Our Origins - the Family Histories of Craig Fullerton and Celine Amoyal
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William Wall
(ca. 1782-)
Sarah Price
(ca. 1782-)

William Price Wall
(1804-1890)

 

Family Links

Spouses/Children:
1. Elizabeth Buckley

William Price Wall

  • Born: 31 Jul 1804, London, Middlesex, England
  • Christened: 21 Oct 1804, St Martin in the Fields, Middlesex, London, England
  • Marriage (1): Elizabeth Buckley on 29 Jan 1833 in St Lukes C Of E, Liverpool, New South Wales, Australia
  • Died: 6 Feb 1890, Forest St, Bendigo, Victoria, Australia at age 85
  • Buried: 7 Feb 1890, White Hills Cemetery, Bendigo, Victoria, Australia

bullet   Cause of his death was Choleriac Diarrhorea & exhaustion, 6 days.

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bullet  General Notes:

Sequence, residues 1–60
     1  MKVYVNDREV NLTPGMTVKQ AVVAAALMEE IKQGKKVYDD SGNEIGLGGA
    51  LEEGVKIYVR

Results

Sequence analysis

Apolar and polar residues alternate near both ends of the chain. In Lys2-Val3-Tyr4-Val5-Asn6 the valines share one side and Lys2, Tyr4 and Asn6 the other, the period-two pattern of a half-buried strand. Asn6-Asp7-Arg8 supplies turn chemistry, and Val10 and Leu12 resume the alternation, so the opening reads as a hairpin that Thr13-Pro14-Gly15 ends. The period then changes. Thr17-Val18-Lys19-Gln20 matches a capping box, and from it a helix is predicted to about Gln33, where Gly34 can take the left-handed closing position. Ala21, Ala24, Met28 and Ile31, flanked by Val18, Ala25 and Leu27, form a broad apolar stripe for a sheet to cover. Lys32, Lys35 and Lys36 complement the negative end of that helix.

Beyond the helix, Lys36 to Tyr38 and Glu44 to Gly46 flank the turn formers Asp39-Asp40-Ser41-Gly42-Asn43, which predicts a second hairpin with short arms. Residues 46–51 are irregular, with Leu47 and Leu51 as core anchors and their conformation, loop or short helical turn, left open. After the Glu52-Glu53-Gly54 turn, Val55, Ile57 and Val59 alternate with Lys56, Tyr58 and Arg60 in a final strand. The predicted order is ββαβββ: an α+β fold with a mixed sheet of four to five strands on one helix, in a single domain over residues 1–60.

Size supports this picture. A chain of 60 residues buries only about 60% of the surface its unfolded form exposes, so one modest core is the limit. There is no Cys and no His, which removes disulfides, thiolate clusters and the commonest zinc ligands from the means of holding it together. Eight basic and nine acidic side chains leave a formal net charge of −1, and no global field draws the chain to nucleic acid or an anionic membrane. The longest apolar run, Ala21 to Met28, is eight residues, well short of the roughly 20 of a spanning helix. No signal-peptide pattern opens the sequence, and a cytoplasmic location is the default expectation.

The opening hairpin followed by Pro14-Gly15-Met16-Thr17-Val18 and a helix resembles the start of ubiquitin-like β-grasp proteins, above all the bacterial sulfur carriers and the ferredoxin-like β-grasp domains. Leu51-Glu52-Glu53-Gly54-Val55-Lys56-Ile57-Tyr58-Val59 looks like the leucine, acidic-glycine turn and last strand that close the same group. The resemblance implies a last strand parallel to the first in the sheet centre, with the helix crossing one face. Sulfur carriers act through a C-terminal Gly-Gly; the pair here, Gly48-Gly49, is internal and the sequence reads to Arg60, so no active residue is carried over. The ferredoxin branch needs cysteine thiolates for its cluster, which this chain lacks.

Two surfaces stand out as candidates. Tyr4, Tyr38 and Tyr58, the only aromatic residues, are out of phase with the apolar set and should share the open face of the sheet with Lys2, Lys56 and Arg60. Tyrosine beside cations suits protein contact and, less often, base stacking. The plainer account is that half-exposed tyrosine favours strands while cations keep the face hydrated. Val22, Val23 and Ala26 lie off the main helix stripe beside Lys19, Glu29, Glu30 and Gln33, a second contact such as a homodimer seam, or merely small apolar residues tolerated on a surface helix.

The story of how William came to be in Australia and what happened to him there, and details of his known descendants, is recounted in Craig's award-winning book - In the Shadow of Feathertop: a history of the Lives and legacy of George Jones and Margaret Hardie. Read about the book here: http://craig-fullerton.com/product/in-the-shadow-of-feathertop/

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William came to Australia as a Convict in 1823. He'd had a previous conviction in the Old Bailey for stealing a handkerchief for which he was imprisoned for 3 months and whipped, but another conviction, also for stealing a handkerchief, resulted in him being Transported to Australia for 7 years. A transcript of both these trials follows:
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616. WILLIAM PRICE WALL was indicted for stealing on the 3d of April , one handkerchief, value 2 s., the goods of Stephen Curtis , from his person .